When I came to write Blank Canvas I laid down a series of rules that I would stick to. Rules that would shape the story, yes, but also ones that would shape this character. I wasn’t allowed to shout ‘Zombies Attack’ when a problem appeared in the book, or I found it difficult to get to the next piece. I wasn’t allowed any random violence or any untimely explosions to create chase scenes. I wasn’t allowed to take the easy door. At first this seemed like I setting myself up to fail by removing some basic plot shake-ups, but then I realised that the book was purely about this character. It was her, alone, and that I had to focus all of my attention on her, or I’d lose. So I did just that. I focused and found that she represented the single hardest challenge I’d faced in writing to that date. I knew she’d make it through, and I knew she’d triumph in her own way, but I also knew her story wasn’t done.

Gita Askari represents much of what I think makes up modern Britain. She’s complicated – a product of a difficult relationship that continues to prove turbulent. She is royalty, and yet she has no power, no sway. She reminds me of the past and yet she wears the face of modern Britain – an empowered and artistic Anglo Asian woman that is aware of her roots, but is very much a part of the thriving western society. Yet within that society she sees the lies and the ugliness of privilege, and though she feels great waves of emotion her default setting is one very much set to stiff upper lip.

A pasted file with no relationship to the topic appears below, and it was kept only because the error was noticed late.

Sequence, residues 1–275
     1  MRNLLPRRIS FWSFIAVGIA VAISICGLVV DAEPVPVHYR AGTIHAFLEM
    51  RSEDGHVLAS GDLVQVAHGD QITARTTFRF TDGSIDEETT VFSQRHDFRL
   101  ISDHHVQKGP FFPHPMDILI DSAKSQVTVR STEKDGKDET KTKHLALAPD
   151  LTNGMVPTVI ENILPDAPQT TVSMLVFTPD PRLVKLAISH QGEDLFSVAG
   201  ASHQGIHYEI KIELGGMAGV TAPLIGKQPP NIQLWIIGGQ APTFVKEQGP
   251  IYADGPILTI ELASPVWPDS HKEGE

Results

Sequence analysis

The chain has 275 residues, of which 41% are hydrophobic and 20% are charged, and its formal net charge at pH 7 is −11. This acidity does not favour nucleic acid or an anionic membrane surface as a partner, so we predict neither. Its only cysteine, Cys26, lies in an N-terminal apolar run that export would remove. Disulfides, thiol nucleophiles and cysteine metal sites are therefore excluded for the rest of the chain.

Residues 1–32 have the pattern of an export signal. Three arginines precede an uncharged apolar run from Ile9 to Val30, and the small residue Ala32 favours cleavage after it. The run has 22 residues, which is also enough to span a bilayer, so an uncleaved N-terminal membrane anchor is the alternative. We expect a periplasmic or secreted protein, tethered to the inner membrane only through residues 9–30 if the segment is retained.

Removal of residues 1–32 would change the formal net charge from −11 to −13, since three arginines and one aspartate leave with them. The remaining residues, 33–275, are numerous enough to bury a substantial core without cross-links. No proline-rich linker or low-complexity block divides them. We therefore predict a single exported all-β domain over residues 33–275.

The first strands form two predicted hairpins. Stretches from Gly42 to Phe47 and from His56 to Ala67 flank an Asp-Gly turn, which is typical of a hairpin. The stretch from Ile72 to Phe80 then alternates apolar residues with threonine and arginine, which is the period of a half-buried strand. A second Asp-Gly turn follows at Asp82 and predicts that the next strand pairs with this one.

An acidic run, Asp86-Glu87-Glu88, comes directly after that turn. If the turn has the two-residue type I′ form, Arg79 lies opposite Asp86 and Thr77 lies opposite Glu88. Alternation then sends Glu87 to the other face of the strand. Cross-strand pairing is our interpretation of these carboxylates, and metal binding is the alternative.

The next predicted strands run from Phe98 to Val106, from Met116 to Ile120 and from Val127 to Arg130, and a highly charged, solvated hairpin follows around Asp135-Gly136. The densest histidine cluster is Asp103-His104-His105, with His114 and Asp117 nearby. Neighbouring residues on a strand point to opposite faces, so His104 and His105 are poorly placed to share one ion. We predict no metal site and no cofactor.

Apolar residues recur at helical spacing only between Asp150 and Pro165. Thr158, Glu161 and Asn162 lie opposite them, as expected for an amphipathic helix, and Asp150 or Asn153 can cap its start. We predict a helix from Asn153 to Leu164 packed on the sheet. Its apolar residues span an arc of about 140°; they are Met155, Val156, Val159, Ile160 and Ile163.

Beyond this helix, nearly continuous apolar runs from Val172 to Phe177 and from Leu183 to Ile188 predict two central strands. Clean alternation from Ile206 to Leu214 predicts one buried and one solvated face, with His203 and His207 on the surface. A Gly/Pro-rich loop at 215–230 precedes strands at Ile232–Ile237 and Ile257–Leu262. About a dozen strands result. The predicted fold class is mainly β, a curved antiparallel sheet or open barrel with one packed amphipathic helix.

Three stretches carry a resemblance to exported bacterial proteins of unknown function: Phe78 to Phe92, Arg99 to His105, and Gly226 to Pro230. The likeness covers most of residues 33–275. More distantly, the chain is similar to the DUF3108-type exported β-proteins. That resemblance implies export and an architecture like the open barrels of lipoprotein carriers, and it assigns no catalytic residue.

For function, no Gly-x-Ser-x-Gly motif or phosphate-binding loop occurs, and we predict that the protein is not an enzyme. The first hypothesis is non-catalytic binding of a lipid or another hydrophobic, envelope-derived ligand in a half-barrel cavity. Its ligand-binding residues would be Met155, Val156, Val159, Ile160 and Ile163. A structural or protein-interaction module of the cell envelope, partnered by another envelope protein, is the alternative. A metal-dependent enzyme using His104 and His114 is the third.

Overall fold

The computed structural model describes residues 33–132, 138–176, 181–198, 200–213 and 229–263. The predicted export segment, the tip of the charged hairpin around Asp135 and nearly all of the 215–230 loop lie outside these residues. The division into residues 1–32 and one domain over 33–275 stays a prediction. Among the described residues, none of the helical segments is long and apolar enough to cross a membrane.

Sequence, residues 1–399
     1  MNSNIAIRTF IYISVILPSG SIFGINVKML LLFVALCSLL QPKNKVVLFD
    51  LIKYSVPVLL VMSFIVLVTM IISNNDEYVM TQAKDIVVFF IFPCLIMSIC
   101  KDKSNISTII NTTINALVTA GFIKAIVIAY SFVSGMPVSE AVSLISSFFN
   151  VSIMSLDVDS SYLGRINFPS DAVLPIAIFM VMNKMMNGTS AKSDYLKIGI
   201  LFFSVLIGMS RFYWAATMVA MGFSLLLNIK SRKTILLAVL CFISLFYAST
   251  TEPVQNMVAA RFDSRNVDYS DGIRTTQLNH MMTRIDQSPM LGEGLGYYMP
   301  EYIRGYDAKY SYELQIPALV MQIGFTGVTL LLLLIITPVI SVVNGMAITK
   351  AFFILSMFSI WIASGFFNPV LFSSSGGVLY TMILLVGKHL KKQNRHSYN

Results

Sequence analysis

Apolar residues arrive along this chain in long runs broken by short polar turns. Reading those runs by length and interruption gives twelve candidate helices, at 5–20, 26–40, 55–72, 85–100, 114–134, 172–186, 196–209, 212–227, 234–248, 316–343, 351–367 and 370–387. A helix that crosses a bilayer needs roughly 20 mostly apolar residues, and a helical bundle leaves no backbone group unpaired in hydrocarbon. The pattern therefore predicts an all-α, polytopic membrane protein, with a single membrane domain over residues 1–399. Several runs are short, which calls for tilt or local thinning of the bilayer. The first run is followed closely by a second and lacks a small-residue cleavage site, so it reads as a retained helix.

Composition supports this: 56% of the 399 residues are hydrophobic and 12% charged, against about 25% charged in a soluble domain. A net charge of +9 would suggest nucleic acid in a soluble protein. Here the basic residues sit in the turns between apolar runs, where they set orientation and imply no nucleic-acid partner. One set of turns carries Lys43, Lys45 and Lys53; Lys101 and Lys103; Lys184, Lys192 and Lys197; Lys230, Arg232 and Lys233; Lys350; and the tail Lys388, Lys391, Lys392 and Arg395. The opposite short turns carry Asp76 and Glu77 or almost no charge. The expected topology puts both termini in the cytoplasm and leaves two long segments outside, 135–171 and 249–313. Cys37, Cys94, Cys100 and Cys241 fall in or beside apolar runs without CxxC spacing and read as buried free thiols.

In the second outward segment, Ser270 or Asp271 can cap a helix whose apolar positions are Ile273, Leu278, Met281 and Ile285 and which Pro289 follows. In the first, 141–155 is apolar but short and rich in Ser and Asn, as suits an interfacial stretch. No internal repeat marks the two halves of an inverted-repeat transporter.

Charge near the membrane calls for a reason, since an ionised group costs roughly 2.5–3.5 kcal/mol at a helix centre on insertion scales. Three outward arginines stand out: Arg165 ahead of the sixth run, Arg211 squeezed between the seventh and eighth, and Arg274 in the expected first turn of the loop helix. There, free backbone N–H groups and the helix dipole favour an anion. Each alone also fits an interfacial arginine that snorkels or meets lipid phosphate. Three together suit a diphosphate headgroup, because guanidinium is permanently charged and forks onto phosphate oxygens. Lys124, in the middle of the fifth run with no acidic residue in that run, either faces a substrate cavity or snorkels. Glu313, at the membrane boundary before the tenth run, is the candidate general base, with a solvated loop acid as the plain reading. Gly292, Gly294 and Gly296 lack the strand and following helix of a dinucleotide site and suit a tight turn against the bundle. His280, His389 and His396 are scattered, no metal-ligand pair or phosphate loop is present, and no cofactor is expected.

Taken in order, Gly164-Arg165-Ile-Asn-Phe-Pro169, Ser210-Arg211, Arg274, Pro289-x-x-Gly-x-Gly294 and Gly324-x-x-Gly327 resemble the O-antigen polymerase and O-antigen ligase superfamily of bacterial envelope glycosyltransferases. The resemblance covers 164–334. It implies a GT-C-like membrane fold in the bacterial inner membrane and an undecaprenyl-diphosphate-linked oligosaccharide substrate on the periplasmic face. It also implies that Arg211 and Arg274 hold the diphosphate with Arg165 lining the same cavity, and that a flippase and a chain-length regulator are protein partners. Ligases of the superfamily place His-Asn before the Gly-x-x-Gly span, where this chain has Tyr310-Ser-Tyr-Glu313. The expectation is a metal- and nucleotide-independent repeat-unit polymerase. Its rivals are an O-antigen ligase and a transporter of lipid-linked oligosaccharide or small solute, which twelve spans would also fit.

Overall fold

The decision she makes at the beginning of the second book sets her on a path that many must walk. How do we cope when everything is taken away from us? How much can we really take before we brake and realistically, above all those things, are we really strong enough to make the hard decisions to affect change in our lives.

Gita Askari has a wounded soul, but it doesn’t stop her being an explorer, a philosopher, an artist and a human being. In fact, it’s that damage that drives her forward.

How deep do you go in terms of character manifestation?

For me, I don’t do method stuff (is method writing a thing?). I have a great key that unlocks the story, the characters, the events If a and the reactions of those people I include in the story – they are unlocked by the wonder of music. I find albums that have the right ‘feel’. Those albums are listened to as often as possible before I start and then I use them in the writing time. It becomes an easy way to switch off, meditate and just write, plus, I can make decisions about the book while washing up, because the music is there for me to feed on.